#29 ::: Randolph Fritz ::: (view all by) ::: October 09, 2003, 03:57 AM:

"I was teased in junior high (and a little bit in high school), and what amazed and baffled me is that it would sometimes occur literally right under the teachers' noses and they did NOTHING to stop it. They didn't say a word. I felt like I was living under Plexiglas. If they could see it, why didn't they say anything about it?"

Because they supported it, of course. Silent participants. It is amazing how many people think that this is healthy. And it doesn't stop in high school; the way some professional schools treat their students is similar. Or even school at all--look at how Schwarzennegger has treated people under his authority.

Ever hated someone in the "caring" professions? I have. Somewhere, there's a really bad psychologist and wannabe guru who owes me about half my adult life back.

#30 ::: mattH ::: (view all by) ::: October 09, 2003, 05:00 AM:

Nancy, I'm sorry that I and my posting style are not well known here. I understand the less-than-random targeting of Judith Scruggs to the exclusion of the other possible, and more deserving, targets. Sorry I didn't indicate as much. Even if it hadn't garnered national media attention she would have been treated exactly the same. A big part of my frustration is that she was punished in large part for failing to fufill sterotypical "maternal" responsibilities, and the implication that she must not have been much of a parent when it mattered most.

#31 ::: Xopher ::: (view all by) ::: October 09, 2003, 02:28 PM:

What makes you think surrendering him to the foster care service would have prevented him from committing suicide? Seriously. He was being bullied at school to the extent that he felt unable to do anything but die. Why would removing him from his home make him want to live?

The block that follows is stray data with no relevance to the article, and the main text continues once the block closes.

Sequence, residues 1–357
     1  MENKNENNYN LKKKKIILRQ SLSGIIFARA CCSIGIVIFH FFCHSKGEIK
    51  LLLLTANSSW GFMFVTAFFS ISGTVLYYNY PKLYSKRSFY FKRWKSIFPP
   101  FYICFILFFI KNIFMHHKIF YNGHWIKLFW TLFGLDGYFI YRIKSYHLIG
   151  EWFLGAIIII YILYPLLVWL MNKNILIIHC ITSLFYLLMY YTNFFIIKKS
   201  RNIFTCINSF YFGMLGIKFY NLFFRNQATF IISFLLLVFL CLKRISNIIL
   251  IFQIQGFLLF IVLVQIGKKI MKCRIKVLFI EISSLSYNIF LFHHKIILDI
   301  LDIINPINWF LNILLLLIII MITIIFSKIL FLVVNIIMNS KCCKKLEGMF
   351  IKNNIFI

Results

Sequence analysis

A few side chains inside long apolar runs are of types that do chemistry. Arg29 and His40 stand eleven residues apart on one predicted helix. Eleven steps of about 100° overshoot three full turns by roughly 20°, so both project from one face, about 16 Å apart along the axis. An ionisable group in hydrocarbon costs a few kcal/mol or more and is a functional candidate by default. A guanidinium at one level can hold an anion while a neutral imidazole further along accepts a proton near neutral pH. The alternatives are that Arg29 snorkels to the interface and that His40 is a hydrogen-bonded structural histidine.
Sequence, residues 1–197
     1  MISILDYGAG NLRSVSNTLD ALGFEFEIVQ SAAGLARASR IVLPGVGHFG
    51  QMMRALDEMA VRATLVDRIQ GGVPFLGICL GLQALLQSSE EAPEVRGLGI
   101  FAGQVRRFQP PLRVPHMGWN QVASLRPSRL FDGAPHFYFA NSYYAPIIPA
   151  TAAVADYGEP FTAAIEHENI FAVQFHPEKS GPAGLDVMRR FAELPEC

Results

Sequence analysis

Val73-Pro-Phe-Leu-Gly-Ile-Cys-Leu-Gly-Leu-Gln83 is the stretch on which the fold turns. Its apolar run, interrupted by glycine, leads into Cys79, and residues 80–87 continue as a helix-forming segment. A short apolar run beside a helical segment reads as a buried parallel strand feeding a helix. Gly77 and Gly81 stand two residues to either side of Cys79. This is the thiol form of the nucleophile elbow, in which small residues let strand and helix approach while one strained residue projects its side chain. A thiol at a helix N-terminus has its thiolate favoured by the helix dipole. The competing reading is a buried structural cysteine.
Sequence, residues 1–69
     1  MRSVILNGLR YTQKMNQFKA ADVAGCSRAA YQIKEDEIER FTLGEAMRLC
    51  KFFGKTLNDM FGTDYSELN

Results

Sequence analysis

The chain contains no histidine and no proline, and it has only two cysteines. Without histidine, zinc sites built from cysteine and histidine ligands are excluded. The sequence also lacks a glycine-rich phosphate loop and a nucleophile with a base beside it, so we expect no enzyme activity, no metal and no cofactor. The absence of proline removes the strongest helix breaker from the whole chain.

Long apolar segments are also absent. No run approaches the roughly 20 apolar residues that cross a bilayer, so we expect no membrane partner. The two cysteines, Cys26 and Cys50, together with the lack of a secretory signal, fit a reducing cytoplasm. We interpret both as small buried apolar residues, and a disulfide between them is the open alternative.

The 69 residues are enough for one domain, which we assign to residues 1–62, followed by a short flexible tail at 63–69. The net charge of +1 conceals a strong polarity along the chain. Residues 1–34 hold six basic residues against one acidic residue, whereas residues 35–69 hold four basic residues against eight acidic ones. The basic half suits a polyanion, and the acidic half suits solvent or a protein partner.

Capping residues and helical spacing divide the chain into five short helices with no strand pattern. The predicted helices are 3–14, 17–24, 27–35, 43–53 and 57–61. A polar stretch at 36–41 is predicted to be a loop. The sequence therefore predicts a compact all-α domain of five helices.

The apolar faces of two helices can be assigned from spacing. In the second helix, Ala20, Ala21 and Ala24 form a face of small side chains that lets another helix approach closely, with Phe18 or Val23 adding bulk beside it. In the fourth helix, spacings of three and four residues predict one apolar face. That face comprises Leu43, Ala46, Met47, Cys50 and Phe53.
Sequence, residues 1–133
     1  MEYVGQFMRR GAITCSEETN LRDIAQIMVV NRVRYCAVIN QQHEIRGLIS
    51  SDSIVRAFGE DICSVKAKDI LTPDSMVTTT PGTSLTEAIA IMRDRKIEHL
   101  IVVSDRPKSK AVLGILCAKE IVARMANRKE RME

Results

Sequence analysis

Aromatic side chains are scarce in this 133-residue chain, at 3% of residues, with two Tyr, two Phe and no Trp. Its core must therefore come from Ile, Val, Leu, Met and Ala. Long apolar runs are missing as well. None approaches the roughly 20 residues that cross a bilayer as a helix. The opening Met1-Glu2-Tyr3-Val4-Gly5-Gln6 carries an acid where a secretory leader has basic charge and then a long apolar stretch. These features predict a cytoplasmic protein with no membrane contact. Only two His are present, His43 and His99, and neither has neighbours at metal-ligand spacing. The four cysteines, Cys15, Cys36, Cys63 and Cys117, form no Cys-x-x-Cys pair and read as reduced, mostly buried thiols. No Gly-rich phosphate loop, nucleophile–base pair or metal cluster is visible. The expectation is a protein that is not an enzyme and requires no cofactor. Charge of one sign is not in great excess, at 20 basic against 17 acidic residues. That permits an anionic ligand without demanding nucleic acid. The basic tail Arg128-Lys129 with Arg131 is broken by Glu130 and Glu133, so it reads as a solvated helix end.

Perhaps experienced foster parents might have noticed he was soiling himself at school each day. Likely they would not have been able to get away with squalid living conditions, either (though there are always horror stories). Removing him from his home would not have made him want to live -- it just might have taken away some of the reasons he wanted to die.

Where primary responsibility fails, secondary responsibility is to blame when it also fails. Yes?

Yes. That's what I meant by "I'm not exonerating the school, not by a long shot."

#32 ::: pericat ::: (view all by) ::: October 09, 2003, 03:30 PM:

Perhaps experienced foster parents might have noticed he was soiling himself at school each day.

I'd place that onus on experienced, or even rank amateur, teachers-- they're at the school.

His mother did notice he was soiling himself regularly, though. Perhaps she could have done more than (a) nag him to shower and (b) despair. What I don't understand is how her failure to rise to this challenge is a criminal act, let alone one for which she is solely responsible.

#33 ::: Yonmei ::: (view all by) ::: October 09, 2003, 04:06 PM:

Perhaps experienced foster parents might have noticed he was soiling himself at school each day.

And might not. Or might not have attributed the correct reason to it.

I will grant you that had J. Daniel Scruggs lucked into exactly the right foster parents, they might have figured out what was going on at school - assuming that they're probably working shorter hours than Judith Scruggs was - in time to act and thus save Daniel's life. But it's evident that was needed was for someone to pay attention to the terrible things that were being done to Daniel at school. He didn't need to be removed from his mother - however overworked - and his home - however squalid - for that to happen.

What I don't understand is how her failure to rise to this challenge is a criminal act, let alone one for which she is solely responsible.

Because that makes everyone else involved feel better.

#34 ::: Xopher ::: (view all by) ::: October 09, 2003, 04:10 PM:

Child neglect is a criminal offense. Letting them be dirty is only slightly less serious than letting them go hungry. If she had sole custody (and Dad was in prison, so she probably did), she has the sole parental responsibility.